An estimate for the concentration of CF3C(O)OH in rain water can be obtained as follows. Halothane and isoflurane have been used as anesthetics for many years. It is estimated that the current emissions of halothane and isoflurane are 1500 and 750 tonnes/yr, respectively (Boutonnet et al., 1998). The atmospheric lifetimes of halothane and isoflurane are short (see Table 6.2) compared to the time scale over which they have been emitted into the atmosphere. Assuming that these compounds are in steady state then their degradation gives a combined yield of 1540 tonnes/year of CF3C(O)Cl. Accounting for photolysis, this results in a global deposition rate of 800 tonnes/year of CF3C(O)OH. Current atmospheric concentrations of HCFC-123 and HCFC-124 are at, or below the detection limit of 0.1 ppt (Boutonnet et al., 1998). Thus, upper limits for atmospheric burdens of these gases are 2500 tonnes for HCFC-123 and 2300 tonnes for HCFC-124. Combining these burdens with the lifetime values given in Table 6.2 and accounting for photolysis of CF3C(O)Cl it can be concluded that upper limits for the flux of CF3C(O)OH from HCFC-123 and HCFC-124 are 760 and 320 tonnes/year, respectively. HFC-134a is present at a concentration of 2.5 pptv in the Northern Hemisphere and 1.2 pptv in the Southern Hemisphere (Montzka et al., 1996; Oram et al., 1996) from which it can be estimated that the present atmospheric burden of HFC-134a is 31,000 tonnes. Combining this burden with the lifetime and yield values in Table 6.2 gives a CF3C(O)OH flux of 300 tonnes/year from the atmospheric oxidation of HFC-134a. Combining the contributions from these known sources gives an upper limit for the estimated contemporary TFA formation rate of 800 + 760 + 320 + 300 = 2180 tonnes/year. The known TFA precursors are relatively long lived and therefore distributed on a global scale. The annual global rainfall is 4.9 x 1017 liters (Erchel, 1975) and the global average TFA concentration in rainwater is expected to be less than 5 ng/l. Detailed computer modeling studies using appropriate global OH fields, halocarbon emissions, and rainfall patterns have confirmed that the simple approach adopted above provides a reasonable estimate of expected TFA concentrations in rainwater (Rodriguez et al., 1993; Kanakidou et al., 1995; Wild et al., 1996).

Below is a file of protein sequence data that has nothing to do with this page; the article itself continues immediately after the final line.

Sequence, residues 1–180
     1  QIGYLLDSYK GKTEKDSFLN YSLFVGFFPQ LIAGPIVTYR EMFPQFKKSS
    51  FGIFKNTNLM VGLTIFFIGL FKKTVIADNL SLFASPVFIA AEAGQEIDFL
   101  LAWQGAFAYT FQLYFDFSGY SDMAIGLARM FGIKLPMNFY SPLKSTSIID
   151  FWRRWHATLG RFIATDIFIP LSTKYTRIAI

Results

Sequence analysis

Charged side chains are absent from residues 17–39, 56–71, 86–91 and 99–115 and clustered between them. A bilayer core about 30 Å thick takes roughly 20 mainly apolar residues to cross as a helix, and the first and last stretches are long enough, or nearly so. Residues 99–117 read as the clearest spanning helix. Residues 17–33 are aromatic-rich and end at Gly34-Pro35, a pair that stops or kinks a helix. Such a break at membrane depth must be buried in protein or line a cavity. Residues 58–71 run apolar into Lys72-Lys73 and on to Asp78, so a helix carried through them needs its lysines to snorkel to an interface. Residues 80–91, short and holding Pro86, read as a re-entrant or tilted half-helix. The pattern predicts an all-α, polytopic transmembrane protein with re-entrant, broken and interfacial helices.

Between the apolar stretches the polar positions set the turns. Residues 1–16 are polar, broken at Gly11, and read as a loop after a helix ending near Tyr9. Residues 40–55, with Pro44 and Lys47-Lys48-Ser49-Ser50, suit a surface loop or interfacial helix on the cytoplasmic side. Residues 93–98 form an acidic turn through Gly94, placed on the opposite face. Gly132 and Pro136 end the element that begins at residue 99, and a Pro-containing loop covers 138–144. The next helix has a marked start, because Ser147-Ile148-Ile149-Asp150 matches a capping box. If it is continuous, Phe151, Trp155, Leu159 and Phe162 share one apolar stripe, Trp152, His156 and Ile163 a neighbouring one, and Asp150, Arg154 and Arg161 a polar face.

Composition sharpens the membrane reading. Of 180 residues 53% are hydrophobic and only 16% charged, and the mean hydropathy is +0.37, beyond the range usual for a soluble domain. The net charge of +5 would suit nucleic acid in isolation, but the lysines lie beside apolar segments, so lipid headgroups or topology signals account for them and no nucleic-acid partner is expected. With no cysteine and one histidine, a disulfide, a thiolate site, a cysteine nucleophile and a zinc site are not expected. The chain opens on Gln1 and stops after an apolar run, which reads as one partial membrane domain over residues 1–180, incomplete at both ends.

To assess the future contribution of HFCs and HCFCs to levels of TFA in rainwater we need to consider future emission scenarios for these compounds which are reviewed in detail elsewhere (Boutonnet et al., 1998). Use of halothane and isoflurane anesthetics is anticipated to remain constant, or perhaps decline. Production of HCFC-123 and HCFC-124 is regulated under the Montreal Protocol and will be phased out. Production of HFC-134a is not regulated and anticipated to increase significantly. Using an emission scenario from the US Environmental Protection Agency (EPA) combined with a three-dimensional atmospheric model, Rodriguez et al. (1994) calculated that in the year 2020 the atmospheric decomposition fluxes of HFC-134a, HCFC-123, and HCFC-124 will be 115, 20, and 20 kTonnes/yr. Multiplying by the appropriate CF3C(O)OH molar yields in Table 6.2 and making the necessary adjustments for the molecular weights involved, a flux of 16.7 + 8.9 + 16.7 = 42.3 kTonnes/yr is estimated and translates to a global average concentration in rainwater of 86 ng/l. Kotamarti et al. (1998) estimated the global average TFA concentration in rain water for 2010 to be in the range 100-160 ng/l.
Table 6.2: Compounds known to produce TFA (CF3C(O)OH) in the atmosphere.
|Compound||Molecular weight||Common name||Molar CF3C(O)OH yield||Atmospheric
|CF3CHClBr||197.5||Halothane||0.6||1.2 years |
|CF3CHClOCHF2||184.5||Isoflurane||0.6||5 years |
|CF3CHCl2||153||HCFC-123||0.6||1.5 years |
|CF3CHFCl||136.5||HCFC-124||1.0||6.0 years |
|CF3CH2F||102||HFC-134a||0.13||14.6 years |
|CF3CHFCF3||170||HFC-227ea||1.0||36.5 years |
 Orkin and Khamagonov (1993);  Brown et al. (1989);  WMO (1989);  IPCC (1996).
Water bodies characterized by little or no outflow and high evaporation rates may have the potential to accumulate TFA. Tromp et al. (1995) developed a concentration-dependent model and estimated that TFA concentrations of 100 mg/l could be achieved in this type of water body in as few as 30 years, with rainfall concentration only 1 mg/l. In contrast, a recent analysis by Boutonnet et al. (1998) questioned the validity of the assumptions inherent in the Tromp et al. study, concluding that accumulation of TFA in seasonal wetlands "appears to be highly improbable". The potential for accumulation of TFA remains unclear.
High concentrations of TFA have been
observed in contemporary water and air samples, suggesting the existence
of one or more large unknown sources. Samples of rain and surface waters
(oceans, rivers, lakes, and springs ) have been obtained from many geographical
areas (USA, Canada, Australia, South Africa, Germany, Israel, Ireland,
France, Switzerland, Finland) and show that TFA is a ubiquitous contaminant
of the hydrosphere (Frank et al., 1996; Zehavi and Seiber, 1996; Grimvall
et al., 1997; Wujcik et al., 1998), with values up to 40900 ng/l
(Zehavi and Seiber, 1996). The average TFA concentration in rain water
observed in Bayreuth during 1995 was 100 ng/l (Frank et al., 1996). The
source of the currently observed levels is unknown and puzzling. The observed
TFA concentrations are orders of magnitude larger than those predicted
to result from the atmospheric degradation of the replacement HCFCs and